Heatwave conditions prompt health warning

High temperatures across southeast Australia prompt health experts to issue a public warning about the dangers posed by extreme heat.

(Transcript from World News Australia Radio)

High temperatures in southeast Australia are continuing to rise, with weather experts saying relief is unlikely to come until the end of the week.

In Victoria paramedics have been called to more than 35 cases of heat exhaustion, or heat stroke, prompting health experts to issue a public warning about the dangers posed by extreme heat.

Peggy Giakoumelos reports.

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The Bureau of Meteorology says over the next few days, severe heat weather conditions are forecast for southeastern South Australia, southern New South Wales, Victoria, and Tasmania.

And later in the week, high temperatures are also forecast for Western Australia's Pilbara region, to extend further south down the coast towards Perth.

The prediction is prompting health authorities to issues warnings about the dangers of the heat.

Professor Tony McMichael is with the Australian National University's College of Medicine, Biology and Environment.

He says people need to remember the basics which include drinking more water, wearing cool clothing and staying out of the sun.

Professor McMichael adds that some people tend to be much more vulnerable to the effects of heat.

"Unfortunately of course there are always more deaths during serious heatwaves, particularly if they're prolonged, and they do tend to occur mostly but not exclusively in those who are older and those who have underlying health disorders, particularly heart and blood vessel disorders and chronic lung disease. Those people in particular should look after themselves, but all of us are at risk if we don't behave sensibly."

Professor McMichael says along with the elderly and those with an underlying medical condition, socially disadvantaged groups and people in some occupations are also at risk.

He says dehydration and heatstroke can have psychological effects as well, increasing anger and impairing people's judgement.

"We tend to overlook that one. It does effect mood, people get more angry on the roads, in the cars. They get frustrated in the work place because it's harder to concentrate. There are always risks of making bad choices in the workplace, incurring physical injuries and of course these situations, sometimes just lead to conflict. We've seen plenty of that unfortunately with young people late at night. And if we've got very, very hot nights tempers can be provoked and fights can break out."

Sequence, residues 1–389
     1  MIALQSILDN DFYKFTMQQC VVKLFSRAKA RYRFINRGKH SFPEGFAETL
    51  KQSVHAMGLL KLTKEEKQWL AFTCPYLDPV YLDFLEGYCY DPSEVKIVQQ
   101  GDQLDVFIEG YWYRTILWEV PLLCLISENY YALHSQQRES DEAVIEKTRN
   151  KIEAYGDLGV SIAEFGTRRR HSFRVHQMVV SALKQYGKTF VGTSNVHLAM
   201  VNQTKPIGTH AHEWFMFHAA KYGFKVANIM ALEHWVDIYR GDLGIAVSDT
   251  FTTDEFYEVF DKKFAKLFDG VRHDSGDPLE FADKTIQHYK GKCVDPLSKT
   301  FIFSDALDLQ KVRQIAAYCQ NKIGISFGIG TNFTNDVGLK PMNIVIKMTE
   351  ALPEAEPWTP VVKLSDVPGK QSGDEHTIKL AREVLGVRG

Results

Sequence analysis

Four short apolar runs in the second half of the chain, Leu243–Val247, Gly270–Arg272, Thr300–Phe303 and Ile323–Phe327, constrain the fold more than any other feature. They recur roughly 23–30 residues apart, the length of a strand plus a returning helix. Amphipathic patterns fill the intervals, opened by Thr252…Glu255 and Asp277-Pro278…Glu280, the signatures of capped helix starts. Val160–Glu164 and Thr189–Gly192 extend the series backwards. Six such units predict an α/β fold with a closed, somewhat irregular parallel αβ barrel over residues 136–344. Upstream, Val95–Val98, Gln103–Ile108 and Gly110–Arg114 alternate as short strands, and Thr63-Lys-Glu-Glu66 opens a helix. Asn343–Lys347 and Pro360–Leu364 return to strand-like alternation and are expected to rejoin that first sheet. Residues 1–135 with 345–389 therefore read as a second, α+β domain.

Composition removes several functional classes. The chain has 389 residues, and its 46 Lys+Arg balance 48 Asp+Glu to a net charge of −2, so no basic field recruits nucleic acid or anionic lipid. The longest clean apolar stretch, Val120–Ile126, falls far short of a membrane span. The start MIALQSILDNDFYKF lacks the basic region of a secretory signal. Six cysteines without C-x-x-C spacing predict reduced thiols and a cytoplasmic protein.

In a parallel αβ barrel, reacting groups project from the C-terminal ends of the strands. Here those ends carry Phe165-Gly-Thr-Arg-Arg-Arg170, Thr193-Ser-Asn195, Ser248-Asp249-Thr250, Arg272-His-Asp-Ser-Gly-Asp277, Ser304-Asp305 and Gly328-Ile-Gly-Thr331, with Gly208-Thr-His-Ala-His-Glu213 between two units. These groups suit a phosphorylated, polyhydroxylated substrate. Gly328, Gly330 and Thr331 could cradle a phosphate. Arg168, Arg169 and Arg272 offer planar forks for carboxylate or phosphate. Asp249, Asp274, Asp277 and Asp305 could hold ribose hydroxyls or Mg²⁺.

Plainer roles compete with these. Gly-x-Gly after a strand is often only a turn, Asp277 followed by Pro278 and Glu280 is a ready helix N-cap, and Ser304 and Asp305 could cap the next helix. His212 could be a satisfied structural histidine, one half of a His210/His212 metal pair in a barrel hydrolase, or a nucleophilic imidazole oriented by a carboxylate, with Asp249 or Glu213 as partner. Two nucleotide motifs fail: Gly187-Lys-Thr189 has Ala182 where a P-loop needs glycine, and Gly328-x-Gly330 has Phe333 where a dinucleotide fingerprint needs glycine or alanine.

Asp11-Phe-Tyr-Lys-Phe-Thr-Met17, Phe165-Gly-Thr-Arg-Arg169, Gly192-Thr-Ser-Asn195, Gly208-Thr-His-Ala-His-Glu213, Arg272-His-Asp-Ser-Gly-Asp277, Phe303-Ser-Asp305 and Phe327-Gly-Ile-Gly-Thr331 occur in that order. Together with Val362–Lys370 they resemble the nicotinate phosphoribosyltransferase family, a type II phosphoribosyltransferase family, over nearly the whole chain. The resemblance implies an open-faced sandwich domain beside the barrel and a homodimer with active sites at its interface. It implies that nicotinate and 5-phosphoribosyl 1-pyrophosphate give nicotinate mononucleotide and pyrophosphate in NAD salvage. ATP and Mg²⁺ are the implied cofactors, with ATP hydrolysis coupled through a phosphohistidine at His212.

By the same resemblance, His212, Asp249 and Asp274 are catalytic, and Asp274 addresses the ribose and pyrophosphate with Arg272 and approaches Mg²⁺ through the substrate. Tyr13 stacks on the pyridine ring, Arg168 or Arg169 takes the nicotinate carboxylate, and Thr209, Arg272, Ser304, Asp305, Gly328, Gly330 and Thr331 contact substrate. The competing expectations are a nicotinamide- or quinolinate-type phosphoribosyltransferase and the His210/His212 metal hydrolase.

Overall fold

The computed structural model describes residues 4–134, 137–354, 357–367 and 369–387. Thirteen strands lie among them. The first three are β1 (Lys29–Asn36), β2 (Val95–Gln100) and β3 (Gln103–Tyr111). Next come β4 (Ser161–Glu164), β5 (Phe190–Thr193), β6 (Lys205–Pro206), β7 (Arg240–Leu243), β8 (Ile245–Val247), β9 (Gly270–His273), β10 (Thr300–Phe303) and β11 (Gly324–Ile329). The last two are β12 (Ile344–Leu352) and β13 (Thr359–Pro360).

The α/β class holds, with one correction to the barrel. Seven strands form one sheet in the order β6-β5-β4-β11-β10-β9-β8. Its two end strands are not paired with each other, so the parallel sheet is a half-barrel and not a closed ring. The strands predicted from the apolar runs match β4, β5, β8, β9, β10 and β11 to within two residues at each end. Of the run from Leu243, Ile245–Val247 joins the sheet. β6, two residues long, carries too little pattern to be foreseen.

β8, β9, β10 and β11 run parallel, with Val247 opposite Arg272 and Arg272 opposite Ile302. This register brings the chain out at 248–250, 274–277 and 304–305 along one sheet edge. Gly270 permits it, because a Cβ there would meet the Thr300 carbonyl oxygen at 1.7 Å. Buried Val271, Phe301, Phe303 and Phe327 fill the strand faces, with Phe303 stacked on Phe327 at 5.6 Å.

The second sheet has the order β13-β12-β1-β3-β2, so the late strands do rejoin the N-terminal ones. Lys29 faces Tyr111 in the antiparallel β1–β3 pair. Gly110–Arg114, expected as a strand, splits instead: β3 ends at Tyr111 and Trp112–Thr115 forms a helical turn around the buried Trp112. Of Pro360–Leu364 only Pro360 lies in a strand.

Registered Nurse Nick McDonald is with Prestige Inhome Care, a service which provides community care for older Australians.

He's urging friends and relatives of the elderly to check in on them on hot days.

Mr McDonald has found one of the biggest concerns for older people is that they don't drink enough water, something that can have dangerous consequences in the heat.

"This can include things like headaches, hot and dry skin, feeling sick nausea, vomiting, disorientation and confusion. Which is obviously one of the things we encourage people to check in on older people. Because often they are not aware of some of the signs and symptoms that they're exhibiting. And also from the dehydration perspective, if the urine is darker or they're not going to the toilet as often, they're some signs that there are some changes starting to take place."

Workers in some occupations are also particularly at risk during very hot weather.

Maurice Blackburn Lawyers Workcover expert Salvatore Giandinoto says employers need to remember that under law they're required to provide a safe working environment - and that includes protection from heat-related injuries.

"Simple things like rescheduling work to cooler parts of the day, ensuring there is a rotation of difficult or heavy work, making sure there's ample drinking water available and providing workers with adequate and appropriate sunscreen and protective clothing are simple things that can be done to protect workers during this scorching heat period. Particularly those exposed to the outdoor conditions but also those working indoors in poorly ventilated or not airconditioned areas. The real threat and concern is also for those working at heights or working in farmland or with heavy and dangerous machinery."

Motorists are also being reminded about the danger of leaving children, the elderly or pets unattended in cars.

Manager for Road User Behaviour with insurer RACV in Victoria Melinda Congiu says this isn't always intentional, with many people simply accidentally locking their keys in the car.

But she adds that in days of high temperatures, the interior of a stationary vehicle, even when parked in the shade, can reach 60 degrees within minutes regardless of whether windows are left open or not.

"RACV would like to remind parents to always hold your keys in your hand when you're getting your children in and out of car so you don't accidentally lock your child in on a day like today."

South Australia's heatwave is challenging records dating back more than 70 years and Melbourne is facing its longest run of 40-degree days since 1908.

Several fires flared across both states on Tuesday and the run of heat is expected to produce extreme fire conditions by the end of the week.

The Bureau of Meteorology says the heatwave is due to a very slow-moving, high-pressure system sitting in the Tasman sea, which is causing heat to build up in the interior of the continent.

Source World News Australia

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